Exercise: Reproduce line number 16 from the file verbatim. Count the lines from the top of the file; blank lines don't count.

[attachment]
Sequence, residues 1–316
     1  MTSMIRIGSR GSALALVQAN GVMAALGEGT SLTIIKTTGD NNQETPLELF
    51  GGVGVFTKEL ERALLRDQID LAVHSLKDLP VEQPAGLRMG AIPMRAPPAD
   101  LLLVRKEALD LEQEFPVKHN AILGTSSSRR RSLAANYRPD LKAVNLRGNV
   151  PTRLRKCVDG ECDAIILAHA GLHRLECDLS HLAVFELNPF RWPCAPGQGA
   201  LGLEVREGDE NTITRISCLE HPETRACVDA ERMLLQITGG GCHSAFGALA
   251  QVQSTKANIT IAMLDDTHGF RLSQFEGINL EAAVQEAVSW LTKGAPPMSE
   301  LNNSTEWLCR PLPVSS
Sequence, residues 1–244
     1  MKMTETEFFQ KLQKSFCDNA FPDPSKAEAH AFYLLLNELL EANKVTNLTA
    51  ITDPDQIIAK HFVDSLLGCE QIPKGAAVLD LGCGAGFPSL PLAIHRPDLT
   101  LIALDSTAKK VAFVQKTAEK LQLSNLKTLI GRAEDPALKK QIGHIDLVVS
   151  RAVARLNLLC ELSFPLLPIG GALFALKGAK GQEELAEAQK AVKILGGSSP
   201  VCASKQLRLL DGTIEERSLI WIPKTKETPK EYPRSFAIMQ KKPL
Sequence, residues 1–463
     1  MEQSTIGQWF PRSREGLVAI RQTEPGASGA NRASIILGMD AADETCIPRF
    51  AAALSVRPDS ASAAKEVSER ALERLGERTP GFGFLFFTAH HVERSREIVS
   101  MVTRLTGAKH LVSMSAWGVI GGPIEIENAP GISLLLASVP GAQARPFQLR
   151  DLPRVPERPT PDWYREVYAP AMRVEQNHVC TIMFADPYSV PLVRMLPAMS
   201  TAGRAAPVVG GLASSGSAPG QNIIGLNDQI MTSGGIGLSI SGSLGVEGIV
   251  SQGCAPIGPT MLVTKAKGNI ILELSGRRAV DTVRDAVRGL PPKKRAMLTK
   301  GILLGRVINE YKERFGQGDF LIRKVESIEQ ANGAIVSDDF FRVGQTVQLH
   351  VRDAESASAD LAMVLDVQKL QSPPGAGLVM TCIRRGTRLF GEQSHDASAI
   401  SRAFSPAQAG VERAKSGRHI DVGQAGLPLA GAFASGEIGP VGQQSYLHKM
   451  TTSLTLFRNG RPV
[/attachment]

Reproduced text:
     1  MEQSTIGQWF PRSREGLVAI RQTEPGASGA NRASIILGMD AADETCIPRF